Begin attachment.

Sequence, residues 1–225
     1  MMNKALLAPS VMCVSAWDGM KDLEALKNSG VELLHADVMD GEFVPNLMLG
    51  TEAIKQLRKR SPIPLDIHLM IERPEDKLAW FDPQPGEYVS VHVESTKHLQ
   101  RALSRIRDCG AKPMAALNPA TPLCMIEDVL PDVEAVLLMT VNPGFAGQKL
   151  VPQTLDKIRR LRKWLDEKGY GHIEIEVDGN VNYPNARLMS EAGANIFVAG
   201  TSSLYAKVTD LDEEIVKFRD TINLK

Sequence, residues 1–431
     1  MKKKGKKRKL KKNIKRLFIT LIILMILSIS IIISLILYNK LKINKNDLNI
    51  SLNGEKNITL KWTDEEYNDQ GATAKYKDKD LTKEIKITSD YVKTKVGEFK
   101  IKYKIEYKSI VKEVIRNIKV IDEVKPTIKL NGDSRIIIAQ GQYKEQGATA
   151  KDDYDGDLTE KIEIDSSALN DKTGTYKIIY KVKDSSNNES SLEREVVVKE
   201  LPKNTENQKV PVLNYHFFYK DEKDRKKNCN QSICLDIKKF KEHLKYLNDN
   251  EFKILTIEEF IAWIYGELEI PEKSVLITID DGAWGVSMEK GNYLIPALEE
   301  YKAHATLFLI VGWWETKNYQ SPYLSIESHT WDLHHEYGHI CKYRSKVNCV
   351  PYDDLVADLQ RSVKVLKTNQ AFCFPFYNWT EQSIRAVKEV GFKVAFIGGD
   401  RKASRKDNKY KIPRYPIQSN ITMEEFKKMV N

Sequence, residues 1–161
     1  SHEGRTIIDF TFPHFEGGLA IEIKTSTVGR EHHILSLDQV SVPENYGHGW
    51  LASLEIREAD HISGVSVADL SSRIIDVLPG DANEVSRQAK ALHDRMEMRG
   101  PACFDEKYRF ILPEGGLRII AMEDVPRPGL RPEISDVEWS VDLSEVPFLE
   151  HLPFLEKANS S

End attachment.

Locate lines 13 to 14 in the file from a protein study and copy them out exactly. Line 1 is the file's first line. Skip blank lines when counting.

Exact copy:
   251  EFKILTIEEF IAWIYGELEI PEKSVLITID DGAWGVSMEK GNYLIPALEE
   301  YKAHATLFLI VGWWETKNYQ SPYLSIESHT WDLHHEYGHI CKYRSKVNCV